Here’s something you don’t hear every day: al Qaeda may be our best ally in countering Islamist terrorism.
Why? Because it is in the wake of terrorism’s brutality and al Qaeda’s repugnant behavior where we find lasting success in our effort to contain and defeat al Qaeda’s violent ideology.
Defeating al Qaeda on the ground will require a sustained military effort in places like Afghanistan, Pakistan, Yemen, and Somalia. We’ll also have to hone our diplomatic and developmental efforts to ensure that once we do clear the ground, al Qaeda, its regional franchises, and local aspirants cannot easily move back in.
But in our battle for the hearts and minds of al Qaeda’s constituency, terrorists seem to be doing our job for us.
“Terrorists lose,” writes Professor Colin Gray of the University of Reading, “when their outrages delegitimze their political causes.” Just as it is all but impossible for terrorists – even those as dangerous as al Qaeda – to exact “truly major physical damage” on the capabilities of states, it is close to impossible for our counterterrorism efforts “to root out all of the would-be warriors-by-terror.” Instead, Gray concludes, “each side usually has to be encouraged to defeat itself politically.”
Here’s how al Qaeda is defeating itself today.
First, its regional franchise, al Qaeda in Iraq (AQI), effectively lost the Iraq insurgency because its brutality didn’t resonate with the locals. “In the beginning” explains Abdel Jabbar a former anti-US Iraqi insurgent leader based in Fallujah, “we thought al-Qaeda was an Islamic group wanting to fight Americans. So we supported them.” But then AQI “began to control us … and we started seeing bodies filling the streets. What opened the eyes of the people of Anbar [province, Iraq] to the vileness and the awfulness” of al Qaeda was “their attempt to take over Anbar by cutting off the heads of some of the leaders before daring their families to pick up their bloody remains.” Eventually, Jabbar led a local revolt against AQI that fed the “Anbar Awakening“, joined forces with the US-led Coalition, and kicked AQI out.
But AQI’s excesses reached beyond Iraq’s borders. When its Jordanian-born leader, Abu Musab Zarqawi, took responsibility for the hotel bombings that rocked Amman, Jordan in 2005, he was vociferous denounced by the Arab Street. In killing 60 mostly Sunni Muslim Jordanians, AQI’s barbarism tarnished al Qaeda’s image. Jordanians called for Zarqawi’s death and soured to al Qaeda’s message. The lesson here is that though Zarqawi organized a tactical terrorist success, the way he did so lead to AQI’s eventual demise and worse, turned Zarqawi into an al Qaeda liability.
Second, some of al Qaeda’s regional allies are following AQI’s footsteps. Al Shabaab, a Somali terrorist organization proscribed in Canada, is reported to have recently lost significant sources of funding as a result of its brutal suicide attack in Kampala, Uganda in July 2010. The sophisticated attack targeted crowds watching the 2010 FIFA World Cup and killed over 70 people. And just like AQI’s hotel bombing, al Shabaab’s Kampala attack was a tactical success but proved a strategic failure.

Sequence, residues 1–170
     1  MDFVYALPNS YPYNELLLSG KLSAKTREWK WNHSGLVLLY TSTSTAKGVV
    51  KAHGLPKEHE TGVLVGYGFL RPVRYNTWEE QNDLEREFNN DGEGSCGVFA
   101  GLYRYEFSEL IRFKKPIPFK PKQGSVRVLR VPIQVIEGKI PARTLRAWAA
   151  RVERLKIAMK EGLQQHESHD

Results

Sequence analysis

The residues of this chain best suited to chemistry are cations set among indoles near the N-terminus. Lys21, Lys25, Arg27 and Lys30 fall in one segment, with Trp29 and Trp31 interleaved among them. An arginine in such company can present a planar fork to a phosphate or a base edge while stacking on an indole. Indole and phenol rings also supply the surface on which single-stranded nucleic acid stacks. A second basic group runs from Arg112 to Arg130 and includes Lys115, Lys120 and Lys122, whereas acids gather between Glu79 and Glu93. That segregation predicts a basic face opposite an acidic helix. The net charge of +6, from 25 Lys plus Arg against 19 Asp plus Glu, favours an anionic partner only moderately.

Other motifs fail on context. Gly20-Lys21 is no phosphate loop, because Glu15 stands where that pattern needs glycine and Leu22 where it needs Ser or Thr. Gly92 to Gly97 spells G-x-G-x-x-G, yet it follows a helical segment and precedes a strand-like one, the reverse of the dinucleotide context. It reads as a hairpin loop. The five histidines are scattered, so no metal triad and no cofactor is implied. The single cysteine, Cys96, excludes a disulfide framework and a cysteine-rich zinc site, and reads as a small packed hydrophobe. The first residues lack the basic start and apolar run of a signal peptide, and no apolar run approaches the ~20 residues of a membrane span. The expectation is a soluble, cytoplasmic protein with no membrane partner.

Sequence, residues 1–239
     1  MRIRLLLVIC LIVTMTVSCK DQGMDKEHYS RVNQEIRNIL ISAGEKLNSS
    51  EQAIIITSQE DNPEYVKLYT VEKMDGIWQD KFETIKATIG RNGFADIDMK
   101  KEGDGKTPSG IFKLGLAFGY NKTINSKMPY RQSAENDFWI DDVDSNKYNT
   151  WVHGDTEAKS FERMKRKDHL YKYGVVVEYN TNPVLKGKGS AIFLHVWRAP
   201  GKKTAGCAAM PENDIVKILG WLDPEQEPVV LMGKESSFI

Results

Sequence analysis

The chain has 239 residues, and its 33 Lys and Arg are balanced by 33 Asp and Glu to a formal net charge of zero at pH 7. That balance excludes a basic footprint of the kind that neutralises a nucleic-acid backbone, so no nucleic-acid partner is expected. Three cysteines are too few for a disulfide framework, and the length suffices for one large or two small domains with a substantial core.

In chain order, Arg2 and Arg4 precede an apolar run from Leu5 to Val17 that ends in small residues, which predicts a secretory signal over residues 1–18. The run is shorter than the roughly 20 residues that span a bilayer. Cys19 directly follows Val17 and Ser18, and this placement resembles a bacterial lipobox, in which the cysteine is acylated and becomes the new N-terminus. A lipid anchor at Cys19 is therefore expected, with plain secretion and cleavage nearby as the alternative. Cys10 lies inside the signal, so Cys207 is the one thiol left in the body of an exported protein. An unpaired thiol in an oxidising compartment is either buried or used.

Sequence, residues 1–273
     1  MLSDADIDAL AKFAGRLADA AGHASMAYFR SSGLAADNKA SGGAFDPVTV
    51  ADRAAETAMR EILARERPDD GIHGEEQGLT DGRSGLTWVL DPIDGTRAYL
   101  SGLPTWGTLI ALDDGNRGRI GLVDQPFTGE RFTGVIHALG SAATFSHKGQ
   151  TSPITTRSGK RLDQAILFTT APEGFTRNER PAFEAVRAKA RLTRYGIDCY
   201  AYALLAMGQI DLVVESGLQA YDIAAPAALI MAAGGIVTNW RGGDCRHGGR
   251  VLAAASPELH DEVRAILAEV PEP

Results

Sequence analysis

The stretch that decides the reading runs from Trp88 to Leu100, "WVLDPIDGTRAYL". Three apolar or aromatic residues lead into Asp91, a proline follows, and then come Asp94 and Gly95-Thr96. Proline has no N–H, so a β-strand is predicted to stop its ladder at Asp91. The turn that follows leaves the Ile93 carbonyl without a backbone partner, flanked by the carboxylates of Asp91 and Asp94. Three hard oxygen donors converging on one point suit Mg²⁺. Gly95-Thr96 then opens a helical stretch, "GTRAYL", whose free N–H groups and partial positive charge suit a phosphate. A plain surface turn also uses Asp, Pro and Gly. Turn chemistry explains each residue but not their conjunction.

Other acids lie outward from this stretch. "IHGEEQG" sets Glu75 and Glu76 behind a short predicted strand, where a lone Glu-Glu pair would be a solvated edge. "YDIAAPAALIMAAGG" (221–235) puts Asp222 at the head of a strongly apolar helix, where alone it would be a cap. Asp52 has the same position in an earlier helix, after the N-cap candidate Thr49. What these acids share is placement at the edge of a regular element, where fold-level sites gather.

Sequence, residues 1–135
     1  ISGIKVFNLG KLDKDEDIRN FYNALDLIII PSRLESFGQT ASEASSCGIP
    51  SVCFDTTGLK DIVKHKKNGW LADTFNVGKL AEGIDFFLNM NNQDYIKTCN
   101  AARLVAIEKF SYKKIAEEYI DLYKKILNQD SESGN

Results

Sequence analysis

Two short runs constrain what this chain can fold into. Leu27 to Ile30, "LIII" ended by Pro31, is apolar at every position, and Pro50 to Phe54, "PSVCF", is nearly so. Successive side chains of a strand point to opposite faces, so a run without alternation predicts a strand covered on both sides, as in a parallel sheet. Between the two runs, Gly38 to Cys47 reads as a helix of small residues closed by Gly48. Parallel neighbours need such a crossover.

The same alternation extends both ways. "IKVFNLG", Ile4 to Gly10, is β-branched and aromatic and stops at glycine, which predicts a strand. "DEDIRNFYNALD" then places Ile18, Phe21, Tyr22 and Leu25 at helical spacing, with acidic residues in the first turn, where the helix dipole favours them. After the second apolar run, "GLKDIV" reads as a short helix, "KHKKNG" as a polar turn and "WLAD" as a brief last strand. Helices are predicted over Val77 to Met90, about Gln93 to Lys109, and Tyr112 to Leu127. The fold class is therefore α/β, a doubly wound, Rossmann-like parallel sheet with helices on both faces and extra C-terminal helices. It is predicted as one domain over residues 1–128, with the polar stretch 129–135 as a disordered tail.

According to a recent report by The Jamestown Foundation, the Kampala bombings compelled some al Shabaab supporters living in the Somali diaspora to turn their backs on the group. Citing a Somali-born Canadian who once managed al Shabaab fund-raising in North America, the report explains that after the Kampala attacks, “Somalis considered al-Shabaab as not serving the interests of the country or people of Somalia.” While some Western Somalis had once supported al Shabaab “for the sake of God and country”, they were “all disappointed by the Kampala attack.” The subsequent funding crunch has diminished al Shabaab’s capabilities and has forced the group to turn to far less popular means to drum up some cash: it’s looting Somali businesses, coercing local Somalis, raising taxes at port services, and slashing forests to turn profits from the illegal sale of charcoal. This isn’t a winning strategy.
And third, some of al Qaeda’s Western aspirants are turning against it. In October, Jason Walters, a Dutch Muslim convert imprisoned for his participation with the Hofstad Group, a radical homegrown organization whose leader was responsible for the 2004 murder of filmmaker Theo van Gogh, renounced Islamism. From his prison cell, he wrote a “review document” in which he describes his former ideology as “morally bankrupt.” Though skeptics argue that Walters, whose 2006 conviction is being retried, may have written the letter in hopes of a reduced sentence, his motivation doesn’t detract from the influence the mea culpa may have on other Western radicals. Walters writes: “With horror have I watched how a once lofty ‘struggle for freedom’ … has turned into a bloody escalation of violence, sectarianism, and religious mania. Unheard of cruelty and crimes have been committed in the process. People in countries that were freed by Islamists … have collectively repudiated the ideology in which name they were ‘liberated’. This has forced me to reconsider my viewpoints critically.”
Al Qaeda’s self-defeat is far from certain. The organization has a knack for reconstituting its movement and rebuilding its base of operation. But if al Qaeda continues to repel the very people it needs most to ensure its continued survival, it will have done us a favour. And by all means, let’s give them a hand. We can encourage al Qaeda’s demise by widely reporting its excesses, better illustrating the human costs of terrorism, promoting anti-terrorism movements when they arise, and supporting former terrorists who denounce violence.